That is, except for Andrew who actually rolled downhill and after fighting claustrophobia spent the night in his bivvy bag. The rest of us had varying degrees of success sleeping. Liz was the big loser among the 3 of us huddled in my tent. She spent all night sitting up while the other occupants happily slept oblivious to her stoicism and discomfort.

On New Year’s Day the rain had stopped and with hands wrinkled and smarting from cuts, bodies covered in scratches and bruises we packed up and reached Stern Valley Hut and The Old Ghost Road in 20 minutes!

What a birthday treat and thanks Tony for the barley sugars you handed around for the birthday "shout". An extended breakfast improved everyone’s spirits especially after the lack of dinner the previous night.

Pieter commented on how well we had coped under pressure but he was the one who had the ultimate responsibility and who had stuck steadfastly to our route.

The Old Ghost Road is an 80 km mountain bike track from Seddonville to Lyell currently under construction and we were now following part of it out to The West Coast. Navigation was no longer an issue but there was still a nasty saddle to climb after little or no sleep and then an easy tracked walk to the historic Goat Creek hut that day.

By mid-afternoon we had reached the hut (a couple of the team were a bit later as they walked past the turn-off) and we spread ourselves and our gear out to dry. After a restful night we moved on to Mokihinui Forks hut luxuriating in the bush, the rivers and the bird life.The walk was an easy 3 hour wander through beautiful forest alongside first Goat Creek and then the Mokihinui River which has been saved from the proposal to dam it.

In the middle of a bridge across the river a gate stopped possums accessing the other side and spreading the news to their cuzzies that the Powelliphanta or giant land snail were a tasty snack ! 20 minutes before the hut we came upon a "Resurgence" where swirling, green pools bubble up from the depths and had a remarkably mesmerizing effect.

Catherine who was joining us for Part 2 now met us at the hut and was stunned, first by the odours and then by the tales of our adventures and was doubtless wondering what she had let herself in for. Our last day was the most breath-taking of all as we followed the river gorge for 20 kilometres .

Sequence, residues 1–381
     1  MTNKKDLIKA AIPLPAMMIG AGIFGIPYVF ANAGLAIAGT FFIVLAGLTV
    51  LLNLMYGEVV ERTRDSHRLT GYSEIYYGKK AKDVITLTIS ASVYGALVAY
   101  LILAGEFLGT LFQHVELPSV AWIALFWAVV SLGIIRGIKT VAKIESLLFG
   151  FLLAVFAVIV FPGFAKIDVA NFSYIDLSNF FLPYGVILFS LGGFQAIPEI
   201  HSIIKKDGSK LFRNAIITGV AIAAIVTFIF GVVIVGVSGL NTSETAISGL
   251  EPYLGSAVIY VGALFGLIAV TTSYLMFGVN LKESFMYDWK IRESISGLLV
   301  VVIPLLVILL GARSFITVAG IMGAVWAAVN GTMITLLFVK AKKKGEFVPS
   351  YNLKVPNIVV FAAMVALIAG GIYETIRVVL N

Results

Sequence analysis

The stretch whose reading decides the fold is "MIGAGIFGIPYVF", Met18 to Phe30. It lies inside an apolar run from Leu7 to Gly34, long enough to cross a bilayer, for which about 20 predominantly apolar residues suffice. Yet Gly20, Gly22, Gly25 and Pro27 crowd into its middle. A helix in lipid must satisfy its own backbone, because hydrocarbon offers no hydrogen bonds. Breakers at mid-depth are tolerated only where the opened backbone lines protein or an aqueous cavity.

Picture (Tony) one of the bridges over a gully along the Mokihinui Gorge.

There was also plenty of historic interest from the gold-mining days along the way. The Seatonville site along the way was once a settlement for the miners working on "The Red Queen" mine but was now marked only by rusting machinery. A former local character, Johnny Cake, serviced the settlement by pack horse and would balance a child on each side of his horse in a gin crate as he carried them in. A creek along the way is named after him.

We also saw the remains of a road bridge over the gorge, which was the route to Karamea until the Murchison earthquake in 1929. But the most amazing sight of all was the track end and seeing Hazel, Tony’s wife, with a bag of cherries and her offer of a lift to save the 5 km road bash into Seddonville!

End of Part 1.

P.S. Liz deserves special mention as she did the road bash so that more battered and suffering got a lift.

And the Inland Pack Track - Seddonville was a quaint and historical respite after the previous 8 days and we had a comfortable billet at the old school .

After a cleanup and a sort out we were off to the pub for beverages and tasty pub food including whitebait fritters. This was a lot more like it and we were feeling refreshed as next morning we piled into our shuttle and were off to Punakaiki for Part 2 of our tramp.